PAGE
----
Soviet artist left the madhouse and got a solo show in Paris (PICS)

Weisberg in his Moscow studio, 1972

Igor Palmin/IN ARTIBUS Foundation
Today his paintings adorn museum collections worldwide, yet there was a time when he worked part-time in art studios and spent hours admiring the works of Cezanne.

Every Thursday, the young, slightly nervy (as contemporaries recall) Vladimir Weisberg walked and creaked his way around the parquet floors of Moscow’s art galleries. He was not accepted into art school, so he studied drawing on his own here and there, just like his hero Cezanne, in fact.

Vladimir Weisberg. Bush. 1947

Inspired by the works of others and having dabbled with different styles, he came to develop his own, thereby becoming one of the most prominent practitioners of Soviet “unofficial art.”

From the madhouse to the easel

Weisberg’s youth was tumultuous: at the height of the Spanish Civil War, he attempted to flee the USSR for Spain to fight for the leftist Republicans against Franco. However, he was seized at Odessa Port whilst trying to board a ship, and sent straight to a psychiatric hospital in Moscow.

Vladimir Weisberg. Student. 1956

His appetite for war unslaked, he was desperate for frontline action when World War II broke out. However, in the words of his friend, artist Valentin Vorobyev: “This unbalanced young man was declared unfit for war and sent to dig anti-tank ditches.” There, Weisberg was again out of luck. During a bombing raid, he suffered concussion, his mental state worsened, and he was again sent to the hospital.

Vladimir Weisberg. Family. 1958

In 1942, the “emaciated and depressed young man” (Vorobyov’s words again) signed up for drawing classes, which continued during the war: “…a dozen fanatics of all ages stiff from the cold [...] shaded objects made of plaster.”

Carving a path

After the war, Weisberg tried to enroll at the Surikov Art Institute in Moscow, but was met with rejection. He faced many long years of wandering around the studios of Moscow’s unofficial artists. He studied art technique all by himself and looked on his work with the eye of a critic.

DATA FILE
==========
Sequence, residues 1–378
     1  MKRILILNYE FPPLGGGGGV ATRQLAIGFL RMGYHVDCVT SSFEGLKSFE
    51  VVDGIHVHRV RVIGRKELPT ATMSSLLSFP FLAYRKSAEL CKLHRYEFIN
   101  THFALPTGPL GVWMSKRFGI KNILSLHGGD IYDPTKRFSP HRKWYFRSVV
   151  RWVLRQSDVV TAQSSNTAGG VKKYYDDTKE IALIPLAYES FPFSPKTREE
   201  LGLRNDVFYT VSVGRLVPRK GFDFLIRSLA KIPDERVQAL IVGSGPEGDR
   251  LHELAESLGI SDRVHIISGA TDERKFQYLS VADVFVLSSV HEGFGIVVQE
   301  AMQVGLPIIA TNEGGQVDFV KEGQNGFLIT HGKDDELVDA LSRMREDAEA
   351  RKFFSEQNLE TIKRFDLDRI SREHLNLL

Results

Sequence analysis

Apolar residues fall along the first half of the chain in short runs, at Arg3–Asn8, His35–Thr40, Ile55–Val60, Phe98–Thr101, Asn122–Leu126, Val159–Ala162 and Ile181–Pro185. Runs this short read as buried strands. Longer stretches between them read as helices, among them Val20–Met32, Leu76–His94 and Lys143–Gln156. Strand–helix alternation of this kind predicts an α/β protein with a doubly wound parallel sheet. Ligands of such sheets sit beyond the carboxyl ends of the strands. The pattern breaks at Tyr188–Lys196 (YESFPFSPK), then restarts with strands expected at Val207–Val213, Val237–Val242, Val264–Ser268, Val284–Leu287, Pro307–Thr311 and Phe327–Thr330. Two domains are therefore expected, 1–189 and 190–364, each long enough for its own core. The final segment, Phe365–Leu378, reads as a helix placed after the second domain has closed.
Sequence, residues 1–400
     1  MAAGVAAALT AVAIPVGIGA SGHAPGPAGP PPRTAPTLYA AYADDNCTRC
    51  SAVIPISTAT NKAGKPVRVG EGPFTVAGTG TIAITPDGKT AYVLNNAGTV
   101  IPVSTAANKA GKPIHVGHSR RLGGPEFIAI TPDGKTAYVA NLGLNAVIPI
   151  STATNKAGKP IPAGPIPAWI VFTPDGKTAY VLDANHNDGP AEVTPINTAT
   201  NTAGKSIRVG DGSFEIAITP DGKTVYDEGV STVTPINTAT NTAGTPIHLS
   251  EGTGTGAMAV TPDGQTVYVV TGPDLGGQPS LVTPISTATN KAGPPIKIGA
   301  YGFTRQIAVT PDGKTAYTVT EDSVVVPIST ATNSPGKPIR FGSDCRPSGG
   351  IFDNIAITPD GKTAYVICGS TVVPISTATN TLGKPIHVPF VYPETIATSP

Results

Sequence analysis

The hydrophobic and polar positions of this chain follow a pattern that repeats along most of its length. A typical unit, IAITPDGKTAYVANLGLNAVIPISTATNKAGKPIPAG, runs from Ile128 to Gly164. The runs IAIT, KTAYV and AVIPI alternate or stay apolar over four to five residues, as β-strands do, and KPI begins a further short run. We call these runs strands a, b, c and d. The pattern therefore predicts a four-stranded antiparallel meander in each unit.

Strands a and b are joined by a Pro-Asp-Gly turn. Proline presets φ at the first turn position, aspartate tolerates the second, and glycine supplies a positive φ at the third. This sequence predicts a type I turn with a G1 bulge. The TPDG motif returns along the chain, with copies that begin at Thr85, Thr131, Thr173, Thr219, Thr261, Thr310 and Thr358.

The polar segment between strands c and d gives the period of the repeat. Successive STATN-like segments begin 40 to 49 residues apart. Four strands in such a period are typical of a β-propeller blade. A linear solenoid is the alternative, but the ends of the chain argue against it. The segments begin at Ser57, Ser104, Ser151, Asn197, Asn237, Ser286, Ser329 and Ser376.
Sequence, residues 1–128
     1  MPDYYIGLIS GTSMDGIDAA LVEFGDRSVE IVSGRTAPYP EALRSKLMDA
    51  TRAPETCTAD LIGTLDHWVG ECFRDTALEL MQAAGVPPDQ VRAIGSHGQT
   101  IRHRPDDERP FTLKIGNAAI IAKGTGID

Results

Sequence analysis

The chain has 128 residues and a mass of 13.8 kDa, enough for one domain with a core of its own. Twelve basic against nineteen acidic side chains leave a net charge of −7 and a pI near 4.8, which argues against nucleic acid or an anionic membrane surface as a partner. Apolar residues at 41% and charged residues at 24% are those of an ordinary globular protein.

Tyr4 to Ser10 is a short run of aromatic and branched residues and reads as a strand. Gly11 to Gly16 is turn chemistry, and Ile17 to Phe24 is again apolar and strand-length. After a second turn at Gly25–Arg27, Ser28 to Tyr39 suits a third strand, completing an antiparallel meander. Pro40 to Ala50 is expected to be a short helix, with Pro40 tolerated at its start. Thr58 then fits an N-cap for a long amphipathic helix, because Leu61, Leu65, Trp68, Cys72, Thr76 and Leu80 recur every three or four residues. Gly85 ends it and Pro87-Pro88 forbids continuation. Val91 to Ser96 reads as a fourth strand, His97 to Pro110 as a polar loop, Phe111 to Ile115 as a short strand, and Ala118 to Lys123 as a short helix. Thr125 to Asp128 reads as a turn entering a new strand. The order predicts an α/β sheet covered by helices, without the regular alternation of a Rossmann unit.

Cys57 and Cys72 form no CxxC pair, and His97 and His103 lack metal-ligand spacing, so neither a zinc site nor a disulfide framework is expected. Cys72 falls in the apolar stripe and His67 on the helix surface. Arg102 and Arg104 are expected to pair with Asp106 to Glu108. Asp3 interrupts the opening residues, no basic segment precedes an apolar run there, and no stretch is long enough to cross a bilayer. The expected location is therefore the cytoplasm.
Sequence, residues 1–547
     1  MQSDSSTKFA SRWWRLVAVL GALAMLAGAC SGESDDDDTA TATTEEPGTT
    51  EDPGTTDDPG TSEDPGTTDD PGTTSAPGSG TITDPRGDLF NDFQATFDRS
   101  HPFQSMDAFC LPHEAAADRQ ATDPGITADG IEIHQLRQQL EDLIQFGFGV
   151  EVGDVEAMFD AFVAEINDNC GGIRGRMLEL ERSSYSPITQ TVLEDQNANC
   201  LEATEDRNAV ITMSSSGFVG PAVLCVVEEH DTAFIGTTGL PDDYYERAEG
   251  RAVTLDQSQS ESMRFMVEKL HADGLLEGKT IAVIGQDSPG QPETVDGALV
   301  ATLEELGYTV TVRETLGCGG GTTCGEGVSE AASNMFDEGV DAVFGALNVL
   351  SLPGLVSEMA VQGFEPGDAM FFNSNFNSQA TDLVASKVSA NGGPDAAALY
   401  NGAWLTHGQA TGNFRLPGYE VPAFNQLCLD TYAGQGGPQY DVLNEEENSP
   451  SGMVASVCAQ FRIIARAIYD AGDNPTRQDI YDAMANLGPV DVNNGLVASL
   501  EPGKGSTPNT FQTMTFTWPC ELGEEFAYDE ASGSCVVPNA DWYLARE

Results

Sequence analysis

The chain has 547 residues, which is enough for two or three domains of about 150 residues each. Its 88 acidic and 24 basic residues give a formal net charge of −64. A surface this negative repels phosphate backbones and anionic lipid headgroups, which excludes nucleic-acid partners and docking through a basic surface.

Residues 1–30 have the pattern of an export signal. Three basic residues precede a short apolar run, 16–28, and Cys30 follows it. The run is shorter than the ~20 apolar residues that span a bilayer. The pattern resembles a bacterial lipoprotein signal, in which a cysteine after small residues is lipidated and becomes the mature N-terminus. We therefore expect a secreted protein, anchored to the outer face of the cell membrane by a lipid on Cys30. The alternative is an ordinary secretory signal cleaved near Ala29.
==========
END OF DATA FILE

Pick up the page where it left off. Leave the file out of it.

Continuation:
Vladimir Weisberg. Composition with gauze. 1968

He would sit for hours on end in front of a composition until dizziness set in. Literally every millimeter mattered to him. During one such session, he decided that color was an interference and “physiologically disgusting.” So he did away with it in some works, giving rise to his trademark “white on white”—nothing superfluous, just a celebration of hazy silhouettes and space.

Vladimir Weisberg. Venus and Geometry. 1976

Unfortunately for him, some works demanded color. “Inside me there’s a sense of truth. I can’t do color. It’s an eternal struggle,” he said in an interview with art historian Ksenia Muratova.

Vladimir Weisberg. Sitting nude. 1960

In 1963, critics and experts haughtily dismissed the first “white on white” as a rip-off of Italian artist Giorgio Morandi. But Weisberg most likely never even laid eyes on a work by Morandi. “The whole of Moscow rushed to see the new ‘white’ Weisberg,” wrote Vorobyev.

Worldwide fame

A master of “unofficial” art who never painted in the style of social realism with its smiling collective farmers and pumped-up workers, by the late 1960s Weisberg had nevertheless become a member of the Union of Artists of the USSR—a badge that at least allowed him to eke out a living from state commissions. On top of that, despite never receiving a formal art education, he began to teach painting.

Vladimir Weisberg. Black vase. 1976

The self-taught artist’s first individual exhibition took place not in his native Moscow, but in distant Paris. Alas, Weisberg was not there to witness his own triumph: the year was 1984, and going abroad was fraught with difficulties and KGB interviews. Vorobyov writes that Weisberg was wary of being probed too closely by the authorities.

Vladimir Weisberg. Cubes and cylinders. 1977

Only in 1988 did the USSR stage his first solo exhibition, but once again the artist was not there to see it. According to Vorobyov, on the day he passed away, January 1, 1985, Moscow was covered by a layer of deep white snow. 

Vladimir Weisberg. Composition with six cubes. 1976

'Nothing but Harmony' exhibition of works by Vladimir Weisberg is on show at In Artibus Foundation in Moscow until July 28, 2019. For more information visit

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